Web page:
Feb 26, 2013 at 10:23 am #1299736
I can't figure out why no manufacturer seems to produce the perfect cookset that I picture in my brain. Here is what I have in mind:
– material: Titanium or Aluminum… but I always picture aluminum because I am cheap.
– pot with no handle or attachment point. Why add all that junk on? With a lip on the pot you can stably pick it up with a pot grabber, plus you know the pot handle is not heating up from your stove.
– size: somewhat equal height to diameter ratio so it can be used efficiently with a stove and also be used as an eating pot/bowl.
– nicely fitting lid/fry pan/plate. It can be used as a cover for the pot, but also flipped over and used a frying pan. It should have the little metal attachment point for the pot grabber so it can be picked up either upside down (as a lid) or right side up (as a fry pan).
The MSR Alpine is pretty much exactly what I am describing, but for some unknown reason they decided to make the thing out of stainless steal so it is ridiculously heavy.
Am I crazy? Is this out their or shouldn't it be? I know ultra-light purist would scoff at having a fry pan, but having freshly fried trout overlooking a high Sierra lake is sublime.Feb 26, 2013 at 10:30 am #1958893
I have the 750ml MSR Alpine. Like you said, good pot but heavy. I've used it on fishing trips and have used the lid to fry fish on a campfire.
Even though Titanium isn't good for frying, I'm pondering the idea of using the Snowpeak Titanium plate to fry fish. I've never thrown fish wrapped in foil directly into the coals but that seems like it would work too.Feb 26, 2013 at 10:57 am #1958902
I want a non-stick Ti mini wok. I might concede to hard anodized aluminum.
Woks are designed to cook on small intense heat sources, with food cut into small prices for quick cooking and efficient use of fuel. That seems to fit backpacking to a tee.
Imagine something the size of a SnowPeak bowl, but more wok-shaped. It could be used with a Caldera Cone, canister stove or a tiny campfire. I would want a decent handle to aid stability when stir-frying. Add a vee in the rim for pouring and a light simple lid, or make the lid domed to also be used as a bowl and nest in the wok.
With all the Asian manufacturers of Ti cookware, I'm surprised this hasn't been done. You can buy 12"-14" models for $180 or so.Feb 26, 2013 at 11:35 am #1958919
@jonfongLocale: FLAT CAT GEAR
Are these close?Feb 26, 2013 at 12:33 pm #1958944
>>Are these close?
close, but they have attached handles and they are crazy expensive.Feb 26, 2013 at 1:04 pm #1958949
@pgasbyLocale: North Carolina
Just a question – but is a pot grabber tha much lighter than the conventional folding wire handles?
I've only owned pots with handles – and appreciate not having to keep track of another component given I would think it doesn't add appreciably to the weight.
I know some folks really like grabber based pots so maybe it is also what we are used to?Feb 26, 2013 at 1:13 pm #1958951
@redpointLocale: British Columbia
Most of my cooking in the backcountry involves boiling water and melting snow – that's it. I only use titanium pots – they're light, tough, and work just fine for melting snow/boiling water. I have 3 MSR Titan pots: a 2 litre, a 1.5 litre and a 1 litre. The 1/1.5 litre pot set is still available from MSR and weighs 9.6 oz./272 g [including 2 pots, cover, and pot lifter]. I also have a Snowpeak Ti Solo cook set. The MSR cook set is basically a lightweight version of their Alpine s/s cook set.Feb 26, 2013 at 1:18 pm #1958954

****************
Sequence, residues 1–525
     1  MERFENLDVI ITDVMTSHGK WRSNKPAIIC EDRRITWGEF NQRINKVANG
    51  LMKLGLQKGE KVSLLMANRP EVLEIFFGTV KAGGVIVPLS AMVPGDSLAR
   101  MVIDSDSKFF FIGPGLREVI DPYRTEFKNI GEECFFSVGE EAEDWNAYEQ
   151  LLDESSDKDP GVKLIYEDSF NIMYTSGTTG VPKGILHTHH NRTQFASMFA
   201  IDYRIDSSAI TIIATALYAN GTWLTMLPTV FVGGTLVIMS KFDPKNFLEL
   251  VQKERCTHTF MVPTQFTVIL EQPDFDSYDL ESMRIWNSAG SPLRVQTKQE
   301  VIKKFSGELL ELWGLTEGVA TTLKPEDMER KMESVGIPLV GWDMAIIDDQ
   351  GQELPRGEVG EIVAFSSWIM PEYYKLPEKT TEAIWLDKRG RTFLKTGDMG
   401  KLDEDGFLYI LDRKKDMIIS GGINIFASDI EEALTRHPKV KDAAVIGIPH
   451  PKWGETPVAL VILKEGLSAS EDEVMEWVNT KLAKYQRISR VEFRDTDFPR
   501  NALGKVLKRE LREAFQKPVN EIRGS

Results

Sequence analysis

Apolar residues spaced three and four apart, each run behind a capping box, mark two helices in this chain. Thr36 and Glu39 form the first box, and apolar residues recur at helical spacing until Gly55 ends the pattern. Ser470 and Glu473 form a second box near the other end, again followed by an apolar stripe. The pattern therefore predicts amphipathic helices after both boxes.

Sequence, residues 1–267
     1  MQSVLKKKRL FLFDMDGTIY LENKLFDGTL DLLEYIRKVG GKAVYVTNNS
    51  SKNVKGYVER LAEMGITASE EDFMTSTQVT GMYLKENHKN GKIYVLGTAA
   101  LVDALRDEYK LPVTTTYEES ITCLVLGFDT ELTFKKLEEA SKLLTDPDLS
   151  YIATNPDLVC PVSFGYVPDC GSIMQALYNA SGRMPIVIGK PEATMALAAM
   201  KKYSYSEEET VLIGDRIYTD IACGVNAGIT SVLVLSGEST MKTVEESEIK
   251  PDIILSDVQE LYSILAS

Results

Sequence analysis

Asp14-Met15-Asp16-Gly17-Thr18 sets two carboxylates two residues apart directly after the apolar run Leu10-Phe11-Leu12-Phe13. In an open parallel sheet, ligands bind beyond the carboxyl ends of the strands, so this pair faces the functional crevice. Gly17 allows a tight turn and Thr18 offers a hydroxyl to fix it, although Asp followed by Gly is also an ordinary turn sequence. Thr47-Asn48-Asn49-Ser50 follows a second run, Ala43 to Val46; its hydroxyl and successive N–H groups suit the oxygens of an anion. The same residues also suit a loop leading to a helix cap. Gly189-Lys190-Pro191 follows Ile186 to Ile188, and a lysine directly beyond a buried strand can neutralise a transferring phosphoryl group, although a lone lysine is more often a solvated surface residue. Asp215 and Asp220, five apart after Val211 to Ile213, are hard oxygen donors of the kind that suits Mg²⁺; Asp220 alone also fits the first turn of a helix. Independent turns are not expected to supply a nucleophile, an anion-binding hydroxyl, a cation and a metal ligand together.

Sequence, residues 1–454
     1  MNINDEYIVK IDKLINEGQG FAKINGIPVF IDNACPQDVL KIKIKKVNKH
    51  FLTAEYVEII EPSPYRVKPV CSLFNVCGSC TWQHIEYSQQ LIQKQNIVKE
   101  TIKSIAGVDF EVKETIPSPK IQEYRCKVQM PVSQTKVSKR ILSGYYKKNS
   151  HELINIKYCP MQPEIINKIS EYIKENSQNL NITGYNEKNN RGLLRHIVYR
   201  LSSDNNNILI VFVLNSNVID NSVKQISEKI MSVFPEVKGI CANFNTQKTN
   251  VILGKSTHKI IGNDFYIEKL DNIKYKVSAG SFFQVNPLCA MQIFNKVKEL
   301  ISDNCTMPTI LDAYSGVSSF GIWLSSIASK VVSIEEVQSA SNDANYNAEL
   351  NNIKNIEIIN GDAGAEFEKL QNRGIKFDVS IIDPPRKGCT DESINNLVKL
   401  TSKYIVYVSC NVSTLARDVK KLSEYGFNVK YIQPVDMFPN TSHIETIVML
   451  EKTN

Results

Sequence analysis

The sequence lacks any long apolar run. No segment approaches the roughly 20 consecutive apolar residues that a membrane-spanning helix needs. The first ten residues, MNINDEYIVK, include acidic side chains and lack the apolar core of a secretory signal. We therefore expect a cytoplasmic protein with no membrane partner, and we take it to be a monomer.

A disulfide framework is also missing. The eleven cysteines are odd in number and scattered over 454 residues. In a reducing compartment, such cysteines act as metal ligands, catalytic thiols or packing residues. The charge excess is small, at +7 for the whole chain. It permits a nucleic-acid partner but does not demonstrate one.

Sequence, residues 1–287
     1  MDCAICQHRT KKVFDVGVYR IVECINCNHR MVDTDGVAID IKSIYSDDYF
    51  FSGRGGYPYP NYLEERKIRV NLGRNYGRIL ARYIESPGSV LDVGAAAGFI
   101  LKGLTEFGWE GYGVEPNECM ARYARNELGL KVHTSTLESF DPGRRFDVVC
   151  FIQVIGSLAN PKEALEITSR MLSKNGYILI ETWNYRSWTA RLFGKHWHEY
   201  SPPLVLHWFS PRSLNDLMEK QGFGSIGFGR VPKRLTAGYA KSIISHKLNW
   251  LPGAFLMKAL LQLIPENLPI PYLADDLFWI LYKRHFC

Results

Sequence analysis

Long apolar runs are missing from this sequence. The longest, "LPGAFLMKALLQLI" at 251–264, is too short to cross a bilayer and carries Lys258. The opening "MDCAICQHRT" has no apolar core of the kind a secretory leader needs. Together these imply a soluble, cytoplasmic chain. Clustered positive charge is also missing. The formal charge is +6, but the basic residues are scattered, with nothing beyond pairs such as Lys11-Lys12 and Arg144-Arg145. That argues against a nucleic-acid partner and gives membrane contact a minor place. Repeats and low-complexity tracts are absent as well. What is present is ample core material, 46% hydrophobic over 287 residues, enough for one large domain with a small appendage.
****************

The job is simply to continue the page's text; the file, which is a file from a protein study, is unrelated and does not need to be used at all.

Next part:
This is what I'm considering for frying fish:
Re: Pot handles vs pot grabber. I remove my handles from my pots and use wool glove liners or a bandana to handle the pot when boiling water. I think I could get away with using my leatherman squirt to remove the plate from the coals.Feb 26, 2013 at 1:28 pm #1958957
These old Sigg units in aluminium would fit your requirements.
While they have a bail handle that can be removed. They really are the most beautifully shaped units with a frying pan lid.Feb 26, 2013 at 1:30 pm #1958958
It will stick unless you have a load of oil, etc. I would count on needing to hold the pan above the coals to control the heat. An Open Country pot grabber is $4 at REI and 1.2oz. Wish for an UL spatula while you are at it.
I experimented with a bunch of really light (read thin) aluminum cake pans for UL fry pans and they basically sucked. The non-stick ones were all too heavy. That is why I wished for a wok.
If you get out of the fish-in-one-piece frame of mind, you can cook it better in a small lid-type pan when cut into smaller pieces. Fantastic when sauteed with good stuff like shallots, onions, garlic, mushrooms, etc. Do it somewhere other than camp– your big furry buddies will smell it for miles :) A little white wine, a wild rice mix, and some freeze dried veggies. YES!Feb 26, 2013 at 1:36 pm #1958963
Sigg made some well designed stuff. I assume the Asian/Ti market made it less marketable. You can find aluminum plates in nearly the same size/dimensions in some of the older 4-person billy sets. I'll keep my eye out for some.Feb 26, 2013 at 1:52 pm #1958971
Bogs and BergsMember
Sounds an awful lot like the Trangia sets: 1L saucepan, 18cm frypan/lid, separate gripper-handle that fits both, now made in "UL aluminum".
http://www.trangia.se/english/2913.trangia_stoves.htmlFeb 26, 2013 at 1:59 pm #1958974
@ngatelLocale: Southern California
I much prefer the Sigg Aluminum Tourist Kit.
Nesting 2.5 qt and 3.5 qt pots, a lid that works with either pot or can be used as a fry pan. Aluminum. Total weight is 17 ounces.Feb 26, 2013 at 2:23 pm #1958980
"Sounds an awful lot like the Trangia sets…" -BNB
I think your right. I always forget to look at the Triangia cooksets because they throw in a brass cat food can and call them stoves.
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